Sibling relationships are often our longest ones, spanning over the course of our lifetimes.  Negotiating our relationships with our siblings is usually our first introduction into learning to relate to others.  It is no wonder then that our sibling relationships are frequently ambivalent and fraught with a mixture of love and hatred, jealousy and loyalty and many, many opportunities for both rupture and repair.   It is often our siblings who know us the best:  what we like, what really "pushes our buttons", or what really motivates us.  We "share" our parents, our childhood experiences, and are exposed to the same set of family values and belief systems.  Often this "shared history" bonds us closer together and other times seems to pull us apart.

As a therapist who has worked for over 20 years with families having children with special needs, these general observations of sibling relationships seem to hold true whether siblings are typically developing or whether they have special needs.  While talking with school age brothers and sisters of siblings with special needs, I have found that they often echo the same rivalries, joys, shared memories, and experiences as those with typically developing siblings. However, it is also my experience that sometimes those feelings may be expressed more intensely, less directly, or occasionally withheld in a protective manner from both parents and themselves for a variety of reasons (e.g., feelings of guilt, shame, or fear of reprisal).  My observation of toddlers and preschool children of siblings with special needs has been that they express their feelings more openly, less defensively, and most often through their behavior (e.g., aggression, or regression to an earlier stage of development).  


Characteristics of Siblings of Children with Special Needs


Donald Meyer and Patricia Vadasy summarize research as well as some common themes from their work with children who have brothers and sisters with special needs in their 2008 book, Sibshops: Workshops for Siblings of Children with Special Needs (Revised Edition).  Some of the things they mention are that siblings of children with special needs frequently relate:  1) worries that they will develop the same problems (e.g., seizures) as their sibling, 2) guilt about their own abilities (i.e., those that their sibling does not have) or about having negative feelings about their sibling, 3) resentment due to loss of parental attention or perceived unequal treatment, 4) feelings of shame or embarrassment (particularly true during the adolescent period when children may desire everything in their lives to appear "normal" to others), and 5) increased responsibilities for their siblings care.  On the other hand, they also report that siblings of children with special needs often demonstrate a greater capacity for: 1) maturity, 2) insight into the human condition including increased appreciation for their sibling's abilities as well as their families, 3) tolerance and compassion toward others, 4) loyalty to their siblings, and 5) advocacy on their sibling's behalf.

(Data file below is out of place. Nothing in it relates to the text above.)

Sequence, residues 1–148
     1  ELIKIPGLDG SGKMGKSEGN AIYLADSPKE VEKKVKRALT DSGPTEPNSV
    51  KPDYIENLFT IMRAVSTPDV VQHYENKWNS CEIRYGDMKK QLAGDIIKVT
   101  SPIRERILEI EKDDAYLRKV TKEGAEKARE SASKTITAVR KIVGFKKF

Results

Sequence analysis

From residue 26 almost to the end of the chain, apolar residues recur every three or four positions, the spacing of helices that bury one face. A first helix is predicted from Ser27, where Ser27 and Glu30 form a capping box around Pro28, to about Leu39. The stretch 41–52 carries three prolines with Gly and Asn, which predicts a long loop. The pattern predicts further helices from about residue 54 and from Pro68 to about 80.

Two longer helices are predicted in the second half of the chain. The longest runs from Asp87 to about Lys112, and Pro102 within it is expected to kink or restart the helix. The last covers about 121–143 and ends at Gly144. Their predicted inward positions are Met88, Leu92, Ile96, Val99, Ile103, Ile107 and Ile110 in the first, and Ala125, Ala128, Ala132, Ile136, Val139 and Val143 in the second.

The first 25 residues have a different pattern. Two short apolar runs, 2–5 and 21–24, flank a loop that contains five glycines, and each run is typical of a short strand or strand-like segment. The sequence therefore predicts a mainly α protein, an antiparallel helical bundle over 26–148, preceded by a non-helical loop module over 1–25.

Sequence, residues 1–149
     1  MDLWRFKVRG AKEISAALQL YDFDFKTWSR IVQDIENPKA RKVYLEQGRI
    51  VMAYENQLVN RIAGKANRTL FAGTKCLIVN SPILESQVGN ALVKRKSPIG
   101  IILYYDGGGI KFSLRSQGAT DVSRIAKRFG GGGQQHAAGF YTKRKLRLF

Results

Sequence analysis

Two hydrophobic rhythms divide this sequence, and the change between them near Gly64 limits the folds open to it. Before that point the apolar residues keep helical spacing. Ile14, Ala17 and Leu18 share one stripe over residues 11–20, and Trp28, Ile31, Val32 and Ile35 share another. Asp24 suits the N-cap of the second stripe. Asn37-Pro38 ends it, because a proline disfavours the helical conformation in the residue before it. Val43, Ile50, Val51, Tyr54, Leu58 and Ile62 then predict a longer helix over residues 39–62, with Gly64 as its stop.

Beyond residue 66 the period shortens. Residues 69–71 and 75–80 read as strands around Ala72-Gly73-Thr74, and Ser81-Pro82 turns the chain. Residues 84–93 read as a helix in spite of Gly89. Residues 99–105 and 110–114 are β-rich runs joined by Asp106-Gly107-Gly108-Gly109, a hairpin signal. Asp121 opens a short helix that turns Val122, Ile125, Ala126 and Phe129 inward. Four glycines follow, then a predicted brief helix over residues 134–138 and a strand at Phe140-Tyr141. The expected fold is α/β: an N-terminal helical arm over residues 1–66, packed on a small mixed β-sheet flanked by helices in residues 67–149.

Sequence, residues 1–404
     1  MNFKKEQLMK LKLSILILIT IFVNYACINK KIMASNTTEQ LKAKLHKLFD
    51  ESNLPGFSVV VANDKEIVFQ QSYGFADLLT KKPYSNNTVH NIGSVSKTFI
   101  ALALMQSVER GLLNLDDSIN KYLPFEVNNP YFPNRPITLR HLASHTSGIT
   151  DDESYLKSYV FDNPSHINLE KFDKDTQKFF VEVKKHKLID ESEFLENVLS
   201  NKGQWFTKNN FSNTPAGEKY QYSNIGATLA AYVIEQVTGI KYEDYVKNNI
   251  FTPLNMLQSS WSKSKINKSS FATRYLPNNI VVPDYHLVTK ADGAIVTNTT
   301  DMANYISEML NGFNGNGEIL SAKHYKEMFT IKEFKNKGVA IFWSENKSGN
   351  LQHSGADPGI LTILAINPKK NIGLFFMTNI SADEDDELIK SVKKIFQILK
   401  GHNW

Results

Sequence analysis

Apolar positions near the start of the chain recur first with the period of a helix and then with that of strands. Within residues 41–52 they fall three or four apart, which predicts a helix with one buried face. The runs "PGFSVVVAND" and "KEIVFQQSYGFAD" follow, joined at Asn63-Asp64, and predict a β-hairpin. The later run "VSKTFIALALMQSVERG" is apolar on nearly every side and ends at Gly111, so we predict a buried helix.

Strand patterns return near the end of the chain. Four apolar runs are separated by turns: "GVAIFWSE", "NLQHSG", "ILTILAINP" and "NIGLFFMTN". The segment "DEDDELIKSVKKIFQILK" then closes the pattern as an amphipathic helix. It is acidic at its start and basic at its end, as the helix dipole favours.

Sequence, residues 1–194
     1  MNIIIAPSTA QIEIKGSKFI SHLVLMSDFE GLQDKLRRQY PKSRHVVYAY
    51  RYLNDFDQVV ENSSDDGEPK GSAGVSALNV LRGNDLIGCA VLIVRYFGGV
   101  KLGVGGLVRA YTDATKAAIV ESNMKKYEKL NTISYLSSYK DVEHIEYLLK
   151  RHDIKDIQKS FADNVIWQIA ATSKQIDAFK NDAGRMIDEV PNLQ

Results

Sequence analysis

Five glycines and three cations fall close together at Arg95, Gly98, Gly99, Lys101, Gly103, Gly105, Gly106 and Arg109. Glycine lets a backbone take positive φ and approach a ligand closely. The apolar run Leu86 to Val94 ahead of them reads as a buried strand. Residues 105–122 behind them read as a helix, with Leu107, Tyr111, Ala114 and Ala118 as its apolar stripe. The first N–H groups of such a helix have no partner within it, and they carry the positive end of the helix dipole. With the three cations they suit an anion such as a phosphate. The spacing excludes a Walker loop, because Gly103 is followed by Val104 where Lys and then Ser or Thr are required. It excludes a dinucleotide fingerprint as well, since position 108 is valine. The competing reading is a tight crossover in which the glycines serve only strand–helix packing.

What Parents Can Do to Help 


Kate Strohm in her 2005 book, Being the Other One, cautions parents to remember that each child will react differently to his or her sibling with special needs based upon many other variables such as age, personality, temperament, etc.  Each child is unique so his or her needs will be unique.  What is most important is to pay attention to what your child is telling you that he or she needs.  Looking at the underlying meaning behind behavior is the key. Once a child's underlying needs are identified, then strategies to help support your children will become clearer.  This idea is echoed in Thomas Powell, ET AL., 2006 book, Brothers and Sisters:  A Special Part of Exceptional Families, Third Edition. The following "Ten Ideas to Help Special Siblings" are a melding of suggestions from both of the above books for parents to support siblings as well as my own observations of what has been helpful over the years in working with families of children with special needs.